Namibia sold wild elephants at auction arguing conflict with the human population. The sale of 22 elephants transferred to a zoo in Al Ain in the United Arab Emirates is particularly denounced.
Namibia sold 22 wild elephants to a zoo in the United Arab Emirates as part of a controversial program that proposed 170 wild African elephants on auction.
The whole process has been denounced by animal protection groups and the recent export to an Emirati zoo also spurred debate among members of the Convention on International Trade in Endangered Species of Wild Fauna and Flora (CITES).
CITES is an inter-government agreement regulating the international trade of wild animals and plants to make sure it doesn’t threaten the survival of the species.
During a conference of CITES held in France from March 6 to 9, several members condemned Namibia for the export of these elephants, according to National Geographic.
The convention actually stipulates that the export of African elephants from Botswana, Zimbabwe, Namibia, and South Africa cannot be done to countries that never had wild elephants, unless there is a conservation benefit.
But the government of Namibia claims the process was entirely legal as CITES didn’t object to it.
CITES tweeted that there were divergent views between members during the summit and that the parties would “further address the issue of trade in live elephants” in Panama during the next conference in November.
Animal protection activists expressed their disappointment with the lack of actions from CITES. They also say Namibia interprets regulation loopholes in a way to justify the legality of the sale.
US$392,000 for the sale of 57 wild elephants
For the government of Namibia, this sale of wild elephants was conducted between private parties and Namibia was not responsible for the future of the elephants sold.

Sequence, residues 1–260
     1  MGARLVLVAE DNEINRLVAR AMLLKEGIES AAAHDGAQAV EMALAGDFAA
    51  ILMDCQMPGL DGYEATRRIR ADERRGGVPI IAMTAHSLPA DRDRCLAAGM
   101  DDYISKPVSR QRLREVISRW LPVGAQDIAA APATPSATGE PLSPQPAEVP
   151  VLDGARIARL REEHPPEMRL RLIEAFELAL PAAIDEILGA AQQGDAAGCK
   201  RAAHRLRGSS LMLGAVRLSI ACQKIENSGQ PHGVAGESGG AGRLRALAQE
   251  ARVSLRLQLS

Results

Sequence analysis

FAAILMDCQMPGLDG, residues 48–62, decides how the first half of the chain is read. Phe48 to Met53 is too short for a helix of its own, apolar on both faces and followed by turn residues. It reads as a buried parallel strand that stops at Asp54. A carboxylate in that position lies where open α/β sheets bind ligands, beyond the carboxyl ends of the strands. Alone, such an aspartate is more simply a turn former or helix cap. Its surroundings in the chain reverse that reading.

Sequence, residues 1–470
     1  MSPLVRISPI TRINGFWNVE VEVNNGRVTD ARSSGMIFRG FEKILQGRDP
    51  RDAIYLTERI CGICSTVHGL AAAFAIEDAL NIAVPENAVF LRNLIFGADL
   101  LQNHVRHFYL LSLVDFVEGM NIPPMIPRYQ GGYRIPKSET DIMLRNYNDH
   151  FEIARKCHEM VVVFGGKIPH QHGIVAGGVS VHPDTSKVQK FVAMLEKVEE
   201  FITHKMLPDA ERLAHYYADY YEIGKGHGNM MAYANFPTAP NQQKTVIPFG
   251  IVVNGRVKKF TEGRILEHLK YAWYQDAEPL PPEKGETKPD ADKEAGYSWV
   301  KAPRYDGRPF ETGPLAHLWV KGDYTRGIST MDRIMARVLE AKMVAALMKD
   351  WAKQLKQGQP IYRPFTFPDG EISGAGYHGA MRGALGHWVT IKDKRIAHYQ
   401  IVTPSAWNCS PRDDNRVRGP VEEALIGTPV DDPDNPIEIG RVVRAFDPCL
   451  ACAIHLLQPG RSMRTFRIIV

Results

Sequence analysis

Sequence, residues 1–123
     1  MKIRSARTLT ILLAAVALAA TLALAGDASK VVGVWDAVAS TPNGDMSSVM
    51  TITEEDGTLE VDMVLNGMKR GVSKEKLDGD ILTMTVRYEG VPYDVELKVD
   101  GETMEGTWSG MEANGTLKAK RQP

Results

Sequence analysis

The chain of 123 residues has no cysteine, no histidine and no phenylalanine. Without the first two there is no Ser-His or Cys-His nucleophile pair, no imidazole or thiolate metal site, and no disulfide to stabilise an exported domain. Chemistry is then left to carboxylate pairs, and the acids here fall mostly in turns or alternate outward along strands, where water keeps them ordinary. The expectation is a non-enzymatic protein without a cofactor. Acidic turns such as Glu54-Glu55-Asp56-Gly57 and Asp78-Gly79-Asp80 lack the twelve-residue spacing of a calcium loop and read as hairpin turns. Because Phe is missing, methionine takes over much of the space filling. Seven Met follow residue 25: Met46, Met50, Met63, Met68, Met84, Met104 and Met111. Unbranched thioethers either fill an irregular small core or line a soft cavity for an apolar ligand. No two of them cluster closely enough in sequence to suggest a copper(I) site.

In a statement dated March 6, the ministry of Environment, Forestry and Tourism argued that all elephants were sold to Namibian bidders and that their transfers were not the government’s decision. “Once the successful bidders have ownership of the elephants, they are within their rights to utilize them in any way provided it is done within confinement of our domestic and international laws”.
The World Association of Zoos and Aquariums, a global alliance of associations, national federations, zoos and aquariums, dedicated to the care and conservation of animals, acknowledges that acquisitions from the wild are sometimes needed “based on a legitimate need for conservation breeding programs, education programs or basic biological studies”. And WAZA reviewed the intention to import wild African elephants from Namibia that involved one of its members, the Emirati zoo of Al Ain. The organization, in a statement dated March 4, said it was not able to determine whether the transaction fulfilled its code of ethics.
Selling to the zoo, and not to natural parks for instance, can be seen as a commercial benefit with no purpose of conservation.
There are approximately 400,000 wild African elephants left in the whole continent and Namibia is home to 24,000 of them according to a 2016 census.
Namibia sold 57 elephants on auction between December 2020 and January 2021. It had offered 170 for sale.
The government of Namibia justifies the sale of live wild elephants as meant to manage human wildlife conflict. Elephants damage farmers’ crops. Authorities recorded 923 crop damage caused by elephants between 2019 and 2021. It cost N$13.9 million ($924,000), the government says. Elephants are also blamed for the deaths of 3 people last year.
With the 57 elephants, the ministry of Environment expects to earn N$5.9 million ($392,000), of which N$4.4 million has already been received, according to a statement from February 15.
Al Ain Zoo bought the 22 elephants for an average price of N$150,000 (US$10,000) per elephant, totaling a revenue of N$3.3 million ($219,000) for Namibia. Another group of 15 elephants was bought for N$75,000 each. Animal transfer costs are supported by buyers.
Revenue from the auctions goes to a fund to be reinvested in human wildlife conflict management, national parks, species conservation, wildlife protection and law enforcement.
According to Namibia’s government, the 22 elephants arrived in the U.A.E. on March 5. One calf seemed weak.